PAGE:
Terence Moore

Chipper's retirement deserves to be postponed

Moore: Chipper's career should last longer

Chipper's retirement deserves to be postponed
According to Chipper Jones, this is his 19th and final Major League season, all with the Atlanta Braves, all leading the most prolific switch-hitter ever not named Mickey Mantle or Eddie Murray to a likely first-ballot trip to the Hall of Fame.

According to Barry Larkin, who knows a little something about Cooperstown ... not so fast -- not when it comes to Jones and the Hall of Fame, but in regards to that retirement thing.

"All I know is, the man can still swing the bat," said Larkin, over the phone, before emphasizing that he hasn't huddled with Jones about whether or not Jones is contemplating pulling a Favre.

You remember Favre, as in Brett Favre, the iconic NFL quarterback. After 16 years with the Green Bay Packers, he spent a season with the New York Jets and a couple of more with the Minnesota Vikings, but here's the rest of the story: Favre established the unofficial record in pro sports for retiring, threatening to come back, actually doing so, retiring and then threatening to repeat this scenario forever.

Just like Favre, Jones spent nearly an eternity with one team along the way to achieving his fame. And, to hear Larkin tell it, just like Favre, Jones will realize he still has considerable worth left as a player before deciding to play elsewhere for another year.

Maybe for several years.

I mean, I could see Jones retiring from the Braves after this season, getting bored hunting deer on his Texas ranch after a few weeks or months and deciding to spend a year or three in the American League. That's the home of the designated hitter, which is nirvana for, say, 40-year-old third basemen who have spent the last few seasons suffering various feet, leg and knee ailments.

"You know, I don't know where he is [in his thought process], because I haven't spoken to Chipper at all, but if he would consider being a DH in the AL, he could help somebody very well with that bat," said Larkin, now a baseball analyst on ESPN. "I think he would be less injury prone if he didn't have to go out there defensively and didn't have to hit or run the bases.

"So I don't know if he would consider going to play for another team in the other league, but that's why I say 'maybe.' He might do it."

Would he do it?

Jones laughed.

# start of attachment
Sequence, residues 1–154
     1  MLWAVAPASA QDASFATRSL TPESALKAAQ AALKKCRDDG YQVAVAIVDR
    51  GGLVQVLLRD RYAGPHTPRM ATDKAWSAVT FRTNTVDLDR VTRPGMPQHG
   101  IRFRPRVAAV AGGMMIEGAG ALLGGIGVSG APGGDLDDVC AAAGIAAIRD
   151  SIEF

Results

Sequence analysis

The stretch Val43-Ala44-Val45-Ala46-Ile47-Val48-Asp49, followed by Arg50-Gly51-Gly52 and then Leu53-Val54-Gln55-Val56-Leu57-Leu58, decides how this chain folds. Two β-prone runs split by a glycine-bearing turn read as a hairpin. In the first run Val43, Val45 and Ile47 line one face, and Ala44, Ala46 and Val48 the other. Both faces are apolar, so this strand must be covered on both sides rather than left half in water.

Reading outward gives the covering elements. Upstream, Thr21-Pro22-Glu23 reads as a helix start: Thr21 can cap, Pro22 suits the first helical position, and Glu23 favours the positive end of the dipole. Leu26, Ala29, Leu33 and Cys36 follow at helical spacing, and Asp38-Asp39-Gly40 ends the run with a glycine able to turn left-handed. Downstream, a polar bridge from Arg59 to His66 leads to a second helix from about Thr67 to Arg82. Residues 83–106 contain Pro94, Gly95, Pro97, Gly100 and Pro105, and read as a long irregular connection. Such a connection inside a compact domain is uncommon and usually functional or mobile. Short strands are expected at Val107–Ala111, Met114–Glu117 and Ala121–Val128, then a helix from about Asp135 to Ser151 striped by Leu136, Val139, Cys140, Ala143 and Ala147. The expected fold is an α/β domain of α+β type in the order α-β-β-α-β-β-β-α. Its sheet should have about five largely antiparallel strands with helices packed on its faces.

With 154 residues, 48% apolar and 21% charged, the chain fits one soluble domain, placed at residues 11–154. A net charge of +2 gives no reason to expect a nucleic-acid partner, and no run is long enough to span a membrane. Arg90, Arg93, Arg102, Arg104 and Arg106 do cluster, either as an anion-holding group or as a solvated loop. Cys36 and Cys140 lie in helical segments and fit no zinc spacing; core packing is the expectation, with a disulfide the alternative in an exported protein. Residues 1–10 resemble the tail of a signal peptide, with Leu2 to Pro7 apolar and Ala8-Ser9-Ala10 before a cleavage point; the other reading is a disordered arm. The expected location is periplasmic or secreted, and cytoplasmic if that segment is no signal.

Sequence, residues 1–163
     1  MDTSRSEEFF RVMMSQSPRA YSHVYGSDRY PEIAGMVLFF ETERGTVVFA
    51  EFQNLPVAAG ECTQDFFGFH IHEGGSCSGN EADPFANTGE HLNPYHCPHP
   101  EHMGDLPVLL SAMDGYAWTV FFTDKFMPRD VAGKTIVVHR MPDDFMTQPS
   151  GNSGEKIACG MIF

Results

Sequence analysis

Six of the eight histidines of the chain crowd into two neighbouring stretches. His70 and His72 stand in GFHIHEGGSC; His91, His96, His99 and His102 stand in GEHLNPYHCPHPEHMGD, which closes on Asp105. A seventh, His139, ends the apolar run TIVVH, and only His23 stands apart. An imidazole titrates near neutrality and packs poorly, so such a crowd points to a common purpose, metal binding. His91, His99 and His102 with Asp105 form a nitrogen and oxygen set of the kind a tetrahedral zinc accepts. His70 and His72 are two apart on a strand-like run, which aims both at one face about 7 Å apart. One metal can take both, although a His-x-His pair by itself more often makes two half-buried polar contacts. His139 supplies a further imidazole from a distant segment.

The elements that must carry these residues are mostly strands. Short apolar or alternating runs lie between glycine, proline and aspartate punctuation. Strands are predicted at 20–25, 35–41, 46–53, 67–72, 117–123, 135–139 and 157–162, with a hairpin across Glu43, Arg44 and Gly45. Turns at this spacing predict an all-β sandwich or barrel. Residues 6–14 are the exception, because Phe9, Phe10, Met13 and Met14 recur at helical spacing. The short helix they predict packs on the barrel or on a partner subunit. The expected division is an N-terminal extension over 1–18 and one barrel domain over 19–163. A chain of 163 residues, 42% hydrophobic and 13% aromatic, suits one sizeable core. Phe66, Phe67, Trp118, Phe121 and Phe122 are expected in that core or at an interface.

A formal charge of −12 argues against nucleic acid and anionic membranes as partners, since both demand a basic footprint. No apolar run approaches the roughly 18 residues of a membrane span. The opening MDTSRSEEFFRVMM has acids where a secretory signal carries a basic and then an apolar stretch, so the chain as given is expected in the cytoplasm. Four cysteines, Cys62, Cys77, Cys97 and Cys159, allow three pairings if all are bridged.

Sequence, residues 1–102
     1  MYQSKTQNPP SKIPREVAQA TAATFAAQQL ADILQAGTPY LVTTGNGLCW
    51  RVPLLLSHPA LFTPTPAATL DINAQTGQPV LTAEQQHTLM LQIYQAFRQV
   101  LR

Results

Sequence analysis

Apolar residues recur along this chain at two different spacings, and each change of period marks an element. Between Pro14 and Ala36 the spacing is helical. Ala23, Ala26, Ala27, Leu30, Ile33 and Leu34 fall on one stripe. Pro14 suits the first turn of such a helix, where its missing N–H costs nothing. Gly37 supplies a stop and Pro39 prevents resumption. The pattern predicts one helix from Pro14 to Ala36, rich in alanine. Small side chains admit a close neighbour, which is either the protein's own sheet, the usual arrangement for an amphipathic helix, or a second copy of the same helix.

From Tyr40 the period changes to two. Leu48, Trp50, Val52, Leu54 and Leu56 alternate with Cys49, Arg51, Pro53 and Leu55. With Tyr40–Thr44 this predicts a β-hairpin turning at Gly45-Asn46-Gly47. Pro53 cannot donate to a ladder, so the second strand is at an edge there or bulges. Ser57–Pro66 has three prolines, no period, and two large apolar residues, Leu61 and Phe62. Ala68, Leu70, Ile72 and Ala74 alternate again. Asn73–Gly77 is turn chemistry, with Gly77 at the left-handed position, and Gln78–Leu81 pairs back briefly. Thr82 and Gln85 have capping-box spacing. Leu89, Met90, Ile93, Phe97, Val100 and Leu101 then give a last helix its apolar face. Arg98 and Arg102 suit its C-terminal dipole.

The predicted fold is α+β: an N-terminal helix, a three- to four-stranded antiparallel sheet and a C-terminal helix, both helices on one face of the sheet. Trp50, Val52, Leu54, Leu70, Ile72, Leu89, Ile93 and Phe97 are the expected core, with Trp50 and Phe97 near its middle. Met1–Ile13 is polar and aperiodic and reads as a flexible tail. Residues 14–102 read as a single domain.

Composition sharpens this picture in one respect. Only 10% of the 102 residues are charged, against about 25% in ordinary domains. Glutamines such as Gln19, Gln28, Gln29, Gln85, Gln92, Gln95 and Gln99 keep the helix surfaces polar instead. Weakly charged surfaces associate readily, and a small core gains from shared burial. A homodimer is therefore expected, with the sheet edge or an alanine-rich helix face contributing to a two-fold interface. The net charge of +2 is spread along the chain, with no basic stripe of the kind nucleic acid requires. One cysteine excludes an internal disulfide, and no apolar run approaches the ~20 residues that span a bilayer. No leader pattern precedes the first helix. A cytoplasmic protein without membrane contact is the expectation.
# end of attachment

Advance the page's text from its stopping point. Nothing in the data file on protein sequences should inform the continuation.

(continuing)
"The bat speed may be there, but the knees aren't," Jones said, still laughing at Turner Field, where his Braves are playing hosts to the San Francisco Giants through Thursday. "I'm sitting here at 40, still swinging the bat good and being productive, and I'm very proud of that fact. But the fact of the matter is, every morning when I get up, I hope both feet hit the floor at the same time.

"Unfortunately, I just don't think I'd be able to make it through an entire season again with my knees. I've had seven knee surgeries. There's no telling when I could need the next one. The next one could be right around the corner."

I hear you, Chipper, but your current numbers say you can become something like the latter-day Pete Rose.

Rose didn't retire until after his 45th birthday, and who could blame him? At 40, Rose hit .325 in 1981 for the Philadelphia Phillies, and he also led the Majors in hits. At 41, he was the only player in baseball to play in all 162 games. Even at 44, when he returned to his first team that was the Cincinnati Reds, he was just shy of averaging a hit for every game that he played in 1985 (107 hits in 119 games).

As for Jones, he began the Braves' three-game series against the Giants hitting safely in 15 of his previous 16 games. During that stretch, he batted .400 with eight doubles, 10 RBIs and two home runs. His .317 average overall was second on the team only to Martin Prado's .318.

Plus, earlier this month against the Chicago Cubs, Jones went 5-for-5 at the plate for the third time in his career. He also finished that evening with a defensive gem at third and a stolen base.

Unlike Rose, who spent his career in the NL, Jones could have the benefit of the DH thing to stay fresh.

"I have no desire to go to the American League to be a designated hitter," Jones said, with one of his crooked smiles. "I always said that I wasn't going to stick around just to attain numbers. Even though I've been in reach of 500 homers and 3,000 hits, my legacy has already been written, you now, regardless of what I do now."

I hear you again, Chipper, but Larkin just keeps thinking back to October 2, 2004, when the Reds were about to start a retirement ceremony in Cincinnati for their perennial All-Star shortstop who had spent all of his 19 seasons with the organization.

One problem: That perennial All-Star shortstop almost didn't come, because he was having second thoughts.

He still has them.

"I know at the end of my career I was questioning whether I should continue to play or not," Larkin said. "If you're physically unable to compete, that competitiveness stays. It doesn't go away. It takes a while for that to get out of your system. I think it's close to a 100 percent of guys who retire, and then go, 'Oh, dang. Should I have retired?'

"I wasn't the same type of player as Chipper. So, me, going to the American League wasn't really an option, but it's an option for him. It really depends on how his body holds up. But, geez. As far as swinging the bat, you can still see the pop and how the ball comes off his bat.

"There's plenty there, and he certainly knows the game. For guys like Chipper, who are late in their career and still have that bat speed, it's a matter of getting off the field and then just hitting and sitting as a DH -- if that's something they're interested in doing."

Jones said he isn't interested.

Well, for now.    

Terence Moore is a reporter for This story was not subject to the approval of Major League Baseball or its clubs.